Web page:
Pansy / Viola
Pansy X-Large Flowered: Colossus™, Mammoth™
Pansy Large Flowered: Delta™, Karma™
Pansy Medium Flowered: Mariposa™, Sky™
Viola Series: Penny™, Rocky™, Endurio®, Patiola®
1. Soil and pH Needs
Pansies are tolerant of a wide range of soil conditions, but prefer a rich soil with good drainage. Heavy clay soils will retard root growth and starve the plant of oxygen, which can lead to root diseases. Soil should be amended with fully composted organic matter prior to planting and in the case of clay soils the addition of Canadian sphagnum peat moss and well-rotted compost are good sources of organic matter that will aid in aeration. If possible, incorporate two to three inches of organic matter into the top six inches of soil. If adding organic matter, be aware that organic matter that has not been fully composted will tie up nitrogen and sulfur leading to nutrient deficiencies and poor growth. Soil pH should be between 5.6- 6.2 for optimum uptake of iron; and should be tested prior to planting but after adding any amendments. This can be done quite easily with a portable pH tester available for about $100. Mix one part soil with two parts distilled water, stir well and wait thirty minutes, then follow the instructions for using the pH meter. If pH is too low, the addition of lime is warranted. However, the rate will vary depending on how much you need to raise the pH and the type of soil you are dealing with. Clay soils or those with a lot of organic material have a high buffer capacity and require more lime than sandy soils, which have a low buffering capacity. A good soil testing lab can determine the lime requirement index (LRI) of your particular soil and can recommend types and rates of lime to use. The frequency of watering will depend on the type of soil, weather conditions and the amount of mulch. Mulch will not only reduce soil water evaporation but will also reduce splashing of water onto the lower leaves, moderate soil temperatures and reduce weed competition.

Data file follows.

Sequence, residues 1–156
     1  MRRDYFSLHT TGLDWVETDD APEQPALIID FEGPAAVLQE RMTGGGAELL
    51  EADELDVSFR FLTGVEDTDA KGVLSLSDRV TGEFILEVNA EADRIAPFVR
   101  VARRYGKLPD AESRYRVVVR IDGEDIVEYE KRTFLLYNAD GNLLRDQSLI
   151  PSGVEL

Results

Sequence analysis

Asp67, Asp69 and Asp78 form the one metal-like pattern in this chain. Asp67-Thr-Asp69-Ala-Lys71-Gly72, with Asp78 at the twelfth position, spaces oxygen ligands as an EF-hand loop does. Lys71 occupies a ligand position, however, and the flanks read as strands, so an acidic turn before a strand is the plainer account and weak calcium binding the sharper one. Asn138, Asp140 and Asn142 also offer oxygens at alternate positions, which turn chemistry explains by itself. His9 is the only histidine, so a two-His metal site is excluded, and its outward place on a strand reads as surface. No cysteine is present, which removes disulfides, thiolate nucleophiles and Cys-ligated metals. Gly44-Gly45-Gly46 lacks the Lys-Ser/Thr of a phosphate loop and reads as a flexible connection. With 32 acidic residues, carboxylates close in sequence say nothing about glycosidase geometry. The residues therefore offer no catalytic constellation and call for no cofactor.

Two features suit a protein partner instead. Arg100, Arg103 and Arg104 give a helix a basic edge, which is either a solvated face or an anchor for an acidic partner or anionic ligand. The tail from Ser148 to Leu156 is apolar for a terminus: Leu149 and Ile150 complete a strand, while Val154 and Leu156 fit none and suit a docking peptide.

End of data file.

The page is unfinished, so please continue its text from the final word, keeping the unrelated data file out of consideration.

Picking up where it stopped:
Pansies and violas expend a great deal of energy during their short life cycle. Their rapid growth fosters the need for regular fertilization. Applying a granular fertilizer every six weeks with a 1-3-2 ratio will keep them blooming and healthy. Since pansies and violas are grown in the late fall/winter and early spring it is recommended not to use a slow release (polymer coated) fertilizer. During that time of year, slow release fertilizers break down too slowly, resulting in low fertility levels and poor growth.
In high pH soils (alkaline soils) additional iron or iron sulfate may be beneficial to reduce chlorosis (yellowing) of the foliage. Yellow foliage on pansy/viola may also be caused by a nitrogen deficiency within the plant. Both can be corrected with the proper supplemental fertilizers.
Pansies and violas are susceptible to several fungal diseases. Cercospera leaf spot is the most common foliar disease. It can be identified by small, purplish spots that first develop on the older leaves where they eventually expand into conspicuous, purplish-black spots with a distinctive feathered appearance. Anthracnose is a common leaf spot disease on pansies/violas and is associated with plants under stress or those with root rot. Its distinguishing characteristics are tan leaf spots with thick black margins. The third major disease is Botrytis which is often detected on the flowers. It is identified by small, pinprick-type lesions and bleached out areas on the flower. Infection starts on the petals and can ultimately consume the entire flower. Irrigating correctly can prevent most of the fungal diseases. Provide water early in the day to allow for plants to thoroughly dry, and utilize drip irrigation when possible.
There are three pests which may harm pansies/violas. Aphids are tiny soft bodied insects that cluster on the growing tips of leaves and flower stems, sucking plant juices. The plants become stunted and deformed. Spider Mites are tiny pests that also feed on plant juices. Pansy leaves will turn yellow and eventually drop off. Slugs are worm-like pests that feed on plant leaves and stems, often at night. Remember that healthy, vigorous plants are less susceptible to pest damage than unhealthy plants.
5. Tips for Success
- If pansies/violas fail to thrive it is often due to a lack of water.
- Pansies and violas need at least six hours of sun.
- Deadheading (removal of spent flowers) will prolong bloom time and help produce a fuller plant.
- Remove weeds from the plantings that compete with the pansies/violas for moisture, nutrients and light.
Information provided by Syngenta Flowers